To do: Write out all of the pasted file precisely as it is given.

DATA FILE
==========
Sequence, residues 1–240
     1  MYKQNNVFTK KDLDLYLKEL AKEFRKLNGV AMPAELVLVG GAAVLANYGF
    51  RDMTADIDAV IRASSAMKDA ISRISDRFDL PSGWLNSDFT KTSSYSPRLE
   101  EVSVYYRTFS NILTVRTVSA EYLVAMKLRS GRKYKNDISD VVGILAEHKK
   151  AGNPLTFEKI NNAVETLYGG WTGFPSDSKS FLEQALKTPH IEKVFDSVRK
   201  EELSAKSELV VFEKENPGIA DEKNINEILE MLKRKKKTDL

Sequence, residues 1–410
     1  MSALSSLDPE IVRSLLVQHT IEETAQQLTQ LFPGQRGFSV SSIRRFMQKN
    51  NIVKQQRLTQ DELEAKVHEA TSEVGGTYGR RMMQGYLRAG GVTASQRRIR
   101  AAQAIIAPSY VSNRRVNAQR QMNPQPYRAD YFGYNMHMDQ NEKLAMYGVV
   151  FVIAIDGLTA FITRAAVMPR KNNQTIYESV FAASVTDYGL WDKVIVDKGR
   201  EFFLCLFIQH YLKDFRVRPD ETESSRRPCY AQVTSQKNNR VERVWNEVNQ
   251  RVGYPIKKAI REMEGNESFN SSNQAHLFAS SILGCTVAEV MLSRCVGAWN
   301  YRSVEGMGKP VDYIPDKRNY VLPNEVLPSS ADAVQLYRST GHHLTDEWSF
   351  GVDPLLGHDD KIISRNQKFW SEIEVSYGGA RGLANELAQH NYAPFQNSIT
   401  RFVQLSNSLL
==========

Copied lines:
Sequence, residues 1–240
     1  MYKQNNVFTK KDLDLYLKEL AKEFRKLNGV AMPAELVLVG GAAVLANYGF
    51  RDMTADIDAV IRASSAMKDA ISRISDRFDL PSGWLNSDFT KTSSYSPRLE
   101  EVSVYYRTFS NILTVRTVSA EYLVAMKLRS GRKYKNDISD VVGILAEHKK
   151  AGNPLTFEKI NNAVETLYGG WTGFPSDSKS FLEQALKTPH IEKVFDSVRK
   201  EELSAKSELV VFEKENPGIA DEKNINEILE MLKRKKKTDL

Sequence, residues 1–410
     1  MSALSSLDPE IVRSLLVQHT IEETAQQLTQ LFPGQRGFSV SSIRRFMQKN
    51  NIVKQQRLTQ DELEAKVHEA TSEVGGTYGR RMMQGYLRAG GVTASQRRIR
   101  AAQAIIAPSY VSNRRVNAQR QMNPQPYRAD YFGYNMHMDQ NEKLAMYGVV
   151  FVIAIDGLTA FITRAAVMPR KNNQTIYESV FAASVTDYGL WDKVIVDKGR
   201  EFFLCLFIQH YLKDFRVRPD ETESSRRPCY AQVTSQKNNR VERVWNEVNQ
   251  RVGYPIKKAI REMEGNESFN SSNQAHLFAS SILGCTVAEV MLSRCVGAWN
   301  YRSVEGMGKP VDYIPDKRNY VLPNEVLPSS ADAVQLYRST GHHLTDEWSF
   351  GVDPLLGHDD KIISRNQKFW SEIEVSYGGA RGLANELAQH NYAPFQNSIT
   401  RFVQLSNSLL